After developing a high-resolution tabletop microscope that officials said was one of the Top 100 most significant technological advances for 2008, R&D Magazine awarded a team of CSU professors, graduate students and researchers the R&D 100 award last month.
The research team, led by Carmen Menoni, a CSU Professor of electrical and computer engineering, accepted the prestigious award at the Top 100 awards ceremony in Chicago, Ill., deemed “the Oscars of invention” by the Chicago Tribune, on Oct. 16.
The Top 100 award is the first awarded to CSU by R&D Magazine.
“The award is a validation of what engineering is about, in creating an innovative project,” Menoni said. “The award is telling you that you are doing the right thing as engineers.”
The high-resolution microscope, comprised of a variety of separate pieces that stretch about six feet long on a tabletop, uses high energy light from an extreme ultraviolet laser to “see” objects 1,000 times smaller than a human hair.
Developers said the microscope’s resolution and imaging technology, significantly higher than standard visible and optical microscopes used in the scientific world, will help scientists to better understand the complex features and characterization of computer chips and various types of tiny technological devices known as nanotechnology.
Menoni said that the tabletop microscope is an improvement over optical microscopes, which use light and a system of lenses like the tabletop microscope, but cannot see objects smaller than 200 nanometers. Menoni’s can see objects as small as 50 nm.
“The technology behind the microscope will increase your understanding of what happens on a nano-scale instead of relying on indirect measurement,” said Fernando Brizuela, a CSU graduate student who worked on the development of the microscope.
The National Science Foundation, an independent U.S. government agency, supported the project with an annual $4 million grant to the Engineering Research Center for Extreme Ultraviolet Science and Technology, the center at the CSU Foothills campus where the research and development took place.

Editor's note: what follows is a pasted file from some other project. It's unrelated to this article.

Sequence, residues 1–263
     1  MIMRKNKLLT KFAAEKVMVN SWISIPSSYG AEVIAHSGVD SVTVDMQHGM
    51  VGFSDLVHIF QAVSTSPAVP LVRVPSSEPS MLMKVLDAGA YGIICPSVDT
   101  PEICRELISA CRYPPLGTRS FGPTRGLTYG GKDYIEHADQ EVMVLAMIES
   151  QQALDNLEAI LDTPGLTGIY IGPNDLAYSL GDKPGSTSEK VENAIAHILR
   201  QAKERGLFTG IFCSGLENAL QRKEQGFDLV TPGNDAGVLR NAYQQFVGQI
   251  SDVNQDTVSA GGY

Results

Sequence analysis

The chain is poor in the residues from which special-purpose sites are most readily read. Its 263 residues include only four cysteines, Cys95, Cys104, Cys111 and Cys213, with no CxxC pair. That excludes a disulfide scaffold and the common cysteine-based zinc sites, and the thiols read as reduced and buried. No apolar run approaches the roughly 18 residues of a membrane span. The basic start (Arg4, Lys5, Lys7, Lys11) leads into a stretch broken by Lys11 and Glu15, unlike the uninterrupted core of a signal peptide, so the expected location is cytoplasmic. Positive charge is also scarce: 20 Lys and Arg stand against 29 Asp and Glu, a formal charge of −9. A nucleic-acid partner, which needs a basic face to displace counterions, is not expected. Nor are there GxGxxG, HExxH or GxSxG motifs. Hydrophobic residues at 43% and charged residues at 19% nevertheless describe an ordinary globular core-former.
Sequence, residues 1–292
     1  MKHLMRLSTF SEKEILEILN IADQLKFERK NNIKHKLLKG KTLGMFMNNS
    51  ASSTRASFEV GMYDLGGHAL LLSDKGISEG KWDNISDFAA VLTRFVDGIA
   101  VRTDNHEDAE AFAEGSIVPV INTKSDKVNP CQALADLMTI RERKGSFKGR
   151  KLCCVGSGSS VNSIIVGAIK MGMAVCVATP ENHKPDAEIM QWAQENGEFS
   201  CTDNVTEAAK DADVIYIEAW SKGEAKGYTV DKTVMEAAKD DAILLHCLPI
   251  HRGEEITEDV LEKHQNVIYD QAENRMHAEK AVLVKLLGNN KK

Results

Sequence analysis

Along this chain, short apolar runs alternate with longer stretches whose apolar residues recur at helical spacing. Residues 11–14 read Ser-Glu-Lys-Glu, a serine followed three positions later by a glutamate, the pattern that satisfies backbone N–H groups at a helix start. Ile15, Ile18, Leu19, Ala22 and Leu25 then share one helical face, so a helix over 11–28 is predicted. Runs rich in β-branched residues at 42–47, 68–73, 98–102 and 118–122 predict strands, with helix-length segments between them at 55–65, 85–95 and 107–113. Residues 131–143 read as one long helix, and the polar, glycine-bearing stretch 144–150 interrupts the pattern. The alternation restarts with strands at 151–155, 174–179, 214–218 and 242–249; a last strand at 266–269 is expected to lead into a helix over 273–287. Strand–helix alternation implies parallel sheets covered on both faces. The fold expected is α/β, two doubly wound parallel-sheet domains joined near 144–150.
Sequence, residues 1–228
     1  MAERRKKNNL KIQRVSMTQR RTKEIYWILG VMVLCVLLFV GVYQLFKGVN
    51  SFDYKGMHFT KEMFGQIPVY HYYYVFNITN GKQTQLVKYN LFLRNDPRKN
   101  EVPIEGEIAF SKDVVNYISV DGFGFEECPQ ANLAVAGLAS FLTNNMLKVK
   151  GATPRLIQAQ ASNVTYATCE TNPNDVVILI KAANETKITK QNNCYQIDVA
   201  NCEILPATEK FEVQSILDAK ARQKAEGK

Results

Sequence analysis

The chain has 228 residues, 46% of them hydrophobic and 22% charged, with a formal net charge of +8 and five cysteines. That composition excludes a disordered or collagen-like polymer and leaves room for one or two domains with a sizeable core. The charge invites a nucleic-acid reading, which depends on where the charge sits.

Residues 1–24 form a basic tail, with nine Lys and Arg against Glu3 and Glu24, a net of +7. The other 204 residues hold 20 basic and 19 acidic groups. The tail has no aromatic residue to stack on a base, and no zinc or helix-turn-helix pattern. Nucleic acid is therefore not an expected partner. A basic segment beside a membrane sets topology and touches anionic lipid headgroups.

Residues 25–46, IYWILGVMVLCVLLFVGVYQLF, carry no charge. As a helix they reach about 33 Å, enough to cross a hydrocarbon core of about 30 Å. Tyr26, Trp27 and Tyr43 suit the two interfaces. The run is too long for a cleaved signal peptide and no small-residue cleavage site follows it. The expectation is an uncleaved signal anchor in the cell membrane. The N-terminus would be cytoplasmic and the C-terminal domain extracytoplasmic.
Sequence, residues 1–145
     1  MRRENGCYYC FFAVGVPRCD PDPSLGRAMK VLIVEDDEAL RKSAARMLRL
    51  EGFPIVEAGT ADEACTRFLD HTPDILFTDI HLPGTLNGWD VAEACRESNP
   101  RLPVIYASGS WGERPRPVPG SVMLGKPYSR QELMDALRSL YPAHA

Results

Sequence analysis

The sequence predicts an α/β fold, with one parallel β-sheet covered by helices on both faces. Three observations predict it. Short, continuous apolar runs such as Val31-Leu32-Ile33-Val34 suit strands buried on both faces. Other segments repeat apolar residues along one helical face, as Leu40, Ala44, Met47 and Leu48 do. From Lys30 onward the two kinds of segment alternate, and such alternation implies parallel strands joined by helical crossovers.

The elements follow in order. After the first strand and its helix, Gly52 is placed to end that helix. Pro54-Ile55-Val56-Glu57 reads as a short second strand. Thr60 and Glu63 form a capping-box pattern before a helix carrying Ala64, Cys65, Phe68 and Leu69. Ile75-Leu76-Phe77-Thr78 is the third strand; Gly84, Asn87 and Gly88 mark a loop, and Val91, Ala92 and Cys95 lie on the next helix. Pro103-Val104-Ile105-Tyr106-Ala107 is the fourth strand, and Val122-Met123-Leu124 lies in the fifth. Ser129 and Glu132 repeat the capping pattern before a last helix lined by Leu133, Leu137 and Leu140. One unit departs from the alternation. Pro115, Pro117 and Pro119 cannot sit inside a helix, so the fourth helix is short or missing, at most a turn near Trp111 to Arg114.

In addition to a set of what Menoni called “specialized” lenses developed by researchers at Berkely, the microscope uses beams of light from an extreme ultraviolet laser invented in the 1990s by Jorge Rocca, a CSU professor. The microscope shoots high-energy pulses of this light onto objects in order to amplify the picture and retrieve what Brizuela called “visual information” about the microscopic objects.
When the extreme ultra violet light is applied to the object in short, single bursts in a very short period of time — less than a nanosecond, Brizuela said — the microscope takes different “snap shots” of the object the scientists want to view. These are then put together to create a “movie” of the inner-workings and characteristics of the nanoscale objects.
The developers agreed that the “visual information” gathered from research using the microscope will allow scientists to make improvements to various nanotechnologies in the future.
The graduate students who worked on the development of the microscope and the laser technologies said that the project provided an incredible opportunity to delve into the world of engineering and create a product that will greatly change the face of science.
“It was interesting to work on a project that brings together so many institutions,” Brizuela said. “And seeing that hard work come together; it’s a great feeling.”
As Menoni described the importance of the award to her department and to her research team, she made sure to emphasize how the microscope was a physical manifestation of an engineer’s function in the scientific community.
“Engineering is making imagination real, and that’s exactly what this award is,” Menoni said.
Senior Reporter Madeline Novey can be reached at firstname.lastname@example.org.